Apply and arrays: three tricks

[2012-07-24] underscorejs, dev, javascript, advancedjs, jslang, jsarrays
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This blog post describes three tricks for working with arrays via apply.

The apply method

apply is a method that all functions have. Its signature is
    func.apply(thisValue, [arg1, arg2, ...])
Ignoring thisValue, the above invocation is equivalent to:
    func(arg1, arg2, ...)
So, apply lets us unwrap an array “into” the arguments of a function call. Let’s look at three tricks that apply allows us to perform.

Trick 1: hand an array to a function that does not accept arrays

JavaScript does not have a function that returns the maximum of an array of numbers. However, there is the function Math.max that works with an arbitrary number of number-valued arguments. Thanks to apply, we can use that function for our purposes:
    > Math.max.apply(null, [10, -1, 5])

Trick 2: eliminate holes in arrays

Holes in arrays

Quick reminder: In JavaScript, an array is a map from numbers to values. So there is a difference between a missing element (a hole) and an element having the value undefined [1]. The former is skipped by the Array.prototype iteration methods (forEach, map, etc.), the latter isn’t:
    > ["a",,"b"].forEach(function (x) { console.log(x) })
    > ["a",undefined,"b"].forEach(function (x) { console.log(x) })
You can also check for the presence of holes via the in operator.
    > 1 in ["a",,"b"]
    > 1 in ["a", undefined, "b"]
But if you read a hole, the result is undefined for both holes and undefined elements.
    > ["a",,"b"][1]
    > ["a", undefined, "b"][1]

Eliminating holes

With apply and Array (which can be used as either a function or a constructor), you can turn holes into undefined elements:
    > Array.apply(null, ["a",,"b"])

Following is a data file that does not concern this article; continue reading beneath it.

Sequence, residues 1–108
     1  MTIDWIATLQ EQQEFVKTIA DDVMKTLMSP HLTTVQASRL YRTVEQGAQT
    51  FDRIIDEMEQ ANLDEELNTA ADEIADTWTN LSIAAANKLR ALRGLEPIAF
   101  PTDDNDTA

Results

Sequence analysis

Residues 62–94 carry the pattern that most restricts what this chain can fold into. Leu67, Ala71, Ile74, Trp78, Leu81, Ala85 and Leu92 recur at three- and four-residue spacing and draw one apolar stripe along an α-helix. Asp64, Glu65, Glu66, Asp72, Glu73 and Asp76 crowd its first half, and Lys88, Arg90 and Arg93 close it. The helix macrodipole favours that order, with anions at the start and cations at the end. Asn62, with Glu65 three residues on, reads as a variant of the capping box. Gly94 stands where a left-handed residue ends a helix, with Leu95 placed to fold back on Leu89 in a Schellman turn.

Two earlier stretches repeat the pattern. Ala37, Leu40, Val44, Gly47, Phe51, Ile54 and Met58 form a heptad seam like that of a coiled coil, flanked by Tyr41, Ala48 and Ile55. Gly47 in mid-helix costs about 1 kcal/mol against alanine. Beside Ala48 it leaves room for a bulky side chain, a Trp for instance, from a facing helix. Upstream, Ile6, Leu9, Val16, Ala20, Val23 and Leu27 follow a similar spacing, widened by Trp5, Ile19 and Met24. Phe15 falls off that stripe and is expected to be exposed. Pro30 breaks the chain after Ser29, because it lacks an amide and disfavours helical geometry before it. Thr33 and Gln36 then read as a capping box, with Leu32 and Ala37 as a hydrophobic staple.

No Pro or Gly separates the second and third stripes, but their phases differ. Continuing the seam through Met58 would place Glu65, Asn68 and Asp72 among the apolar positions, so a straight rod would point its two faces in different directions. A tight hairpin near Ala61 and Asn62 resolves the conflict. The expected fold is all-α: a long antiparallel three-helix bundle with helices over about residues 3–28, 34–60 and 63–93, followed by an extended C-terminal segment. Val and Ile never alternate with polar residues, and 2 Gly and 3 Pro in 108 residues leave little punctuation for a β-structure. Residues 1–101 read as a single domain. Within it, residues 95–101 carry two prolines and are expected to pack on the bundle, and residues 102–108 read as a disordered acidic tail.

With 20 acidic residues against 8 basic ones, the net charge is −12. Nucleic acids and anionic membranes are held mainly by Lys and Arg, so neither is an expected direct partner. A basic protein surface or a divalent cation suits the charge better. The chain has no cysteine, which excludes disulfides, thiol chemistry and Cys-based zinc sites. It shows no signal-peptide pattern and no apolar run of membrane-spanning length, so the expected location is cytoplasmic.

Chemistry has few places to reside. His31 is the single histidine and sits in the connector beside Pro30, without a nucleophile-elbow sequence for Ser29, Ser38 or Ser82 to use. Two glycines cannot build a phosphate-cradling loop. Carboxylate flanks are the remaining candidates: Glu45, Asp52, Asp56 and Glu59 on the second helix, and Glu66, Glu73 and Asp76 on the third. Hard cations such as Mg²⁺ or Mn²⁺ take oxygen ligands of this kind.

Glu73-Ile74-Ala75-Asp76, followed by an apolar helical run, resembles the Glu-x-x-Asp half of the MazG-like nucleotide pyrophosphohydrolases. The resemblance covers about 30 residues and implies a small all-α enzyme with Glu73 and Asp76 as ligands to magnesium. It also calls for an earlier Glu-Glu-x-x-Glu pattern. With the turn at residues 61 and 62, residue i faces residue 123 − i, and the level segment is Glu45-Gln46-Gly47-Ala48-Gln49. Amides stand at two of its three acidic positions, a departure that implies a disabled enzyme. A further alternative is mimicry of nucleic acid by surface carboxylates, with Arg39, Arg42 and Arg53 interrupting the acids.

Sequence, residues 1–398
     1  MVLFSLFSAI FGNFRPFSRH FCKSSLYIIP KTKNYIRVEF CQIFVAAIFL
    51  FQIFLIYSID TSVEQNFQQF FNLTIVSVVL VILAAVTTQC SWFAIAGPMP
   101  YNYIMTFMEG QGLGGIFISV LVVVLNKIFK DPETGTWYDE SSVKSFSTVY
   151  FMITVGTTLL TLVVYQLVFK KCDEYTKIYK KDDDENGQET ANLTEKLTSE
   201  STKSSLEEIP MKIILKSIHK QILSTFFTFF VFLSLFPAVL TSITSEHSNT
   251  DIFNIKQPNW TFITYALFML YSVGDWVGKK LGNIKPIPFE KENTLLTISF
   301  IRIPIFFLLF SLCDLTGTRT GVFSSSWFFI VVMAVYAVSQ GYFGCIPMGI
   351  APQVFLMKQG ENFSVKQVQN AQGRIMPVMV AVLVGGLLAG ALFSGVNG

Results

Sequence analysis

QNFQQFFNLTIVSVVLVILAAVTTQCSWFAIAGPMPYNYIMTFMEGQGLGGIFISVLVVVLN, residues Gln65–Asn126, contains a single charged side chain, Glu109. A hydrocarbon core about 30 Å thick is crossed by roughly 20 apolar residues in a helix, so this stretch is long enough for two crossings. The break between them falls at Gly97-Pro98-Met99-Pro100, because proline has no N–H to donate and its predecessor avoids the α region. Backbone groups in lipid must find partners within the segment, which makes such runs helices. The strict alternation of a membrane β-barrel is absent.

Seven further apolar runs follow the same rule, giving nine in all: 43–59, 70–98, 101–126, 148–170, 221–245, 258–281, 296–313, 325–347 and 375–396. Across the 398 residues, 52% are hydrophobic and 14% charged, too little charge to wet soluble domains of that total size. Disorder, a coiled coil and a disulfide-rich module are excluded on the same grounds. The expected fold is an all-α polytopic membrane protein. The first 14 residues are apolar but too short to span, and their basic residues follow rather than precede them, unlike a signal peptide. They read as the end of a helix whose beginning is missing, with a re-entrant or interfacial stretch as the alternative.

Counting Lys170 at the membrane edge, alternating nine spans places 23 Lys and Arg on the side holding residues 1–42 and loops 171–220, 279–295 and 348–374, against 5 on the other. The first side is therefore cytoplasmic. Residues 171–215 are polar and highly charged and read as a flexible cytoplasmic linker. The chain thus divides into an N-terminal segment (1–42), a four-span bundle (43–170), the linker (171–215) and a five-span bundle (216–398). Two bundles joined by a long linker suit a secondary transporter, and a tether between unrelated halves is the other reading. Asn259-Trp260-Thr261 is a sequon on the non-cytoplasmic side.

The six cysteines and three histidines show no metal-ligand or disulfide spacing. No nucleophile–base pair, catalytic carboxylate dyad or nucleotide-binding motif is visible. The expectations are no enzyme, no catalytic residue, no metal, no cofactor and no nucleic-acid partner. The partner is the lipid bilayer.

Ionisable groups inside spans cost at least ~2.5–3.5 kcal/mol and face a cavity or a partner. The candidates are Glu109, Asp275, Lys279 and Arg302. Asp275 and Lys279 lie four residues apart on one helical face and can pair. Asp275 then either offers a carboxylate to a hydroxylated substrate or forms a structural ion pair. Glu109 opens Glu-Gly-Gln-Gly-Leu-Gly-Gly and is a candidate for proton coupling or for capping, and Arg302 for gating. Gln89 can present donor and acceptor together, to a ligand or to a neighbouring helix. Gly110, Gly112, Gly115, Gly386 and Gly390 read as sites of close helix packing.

[ 'a', undefined, 'b' ]
The above works, because apply does not ignore holes, it passes them as undefined arguments to the function:
    > function returnArgs() { return [] }
    > returnArgs.apply(null, ["a",,"b"])
    [ 'a', undefined, 'b' ]
Alas, you are faced with a quirk here. If Array receives a single numeric argument, an empty array is created whose length is the number [2]:
    > Array.apply(null, [ 3 ])
    [ , ,  ]
Therefore, if you need this functionality, it is better to write your own function:
    function fillHoles(arr) {
        var result = [];
        for(var i=0; i < arr.length; i++) {
            result[i] = arr[i];
        return result;
    > fillHoles(["a",,"b"])
    [ 'a', undefined, 'b' ]
Underscore gives you the _.compact function which removes all falsy values, including holes:
    > _.compact(["a",,"b"])
    [ 'a', 'b' ]
    > _.compact(["a", undefined, "b"])
    [ 'a', 'b' ]
    > _.compact(["a", false, "b"])
    [ 'a', 'b' ]

Trick 3: flatten an array

Task: turn an array of arrays with elements into just an array of elements. Again we use the unwrapping ability of apply to make concat do this work for us:
    > Array.prototype.concat.apply([], [["a"], ["b"]])
    [ 'a', 'b' ]
Non-array elements are added as is:
    > Array.prototype.concat.apply([], [["a"], "b"])
    [ 'a', 'b' ]
apply’s thisValue must be [] here, because concat is a method, not a non-method function. Only one level of flattening is performed:
    > Array.prototype.concat.apply([], [[["a"]], ["b"]])
    [ [ 'a' ], 'b' ]

If you want your code to be self-descriptive, you should consider alternatives, including implementing your own properly named function. Underscore has _.flatten which handles any level of nesting:

    > _.flatten([[["a"]], ["b"]])
    [ 'a', 'b' ]


  1. JavaScript: sparse arrays vs. dense arrays
  2. Array.from() and Array.of()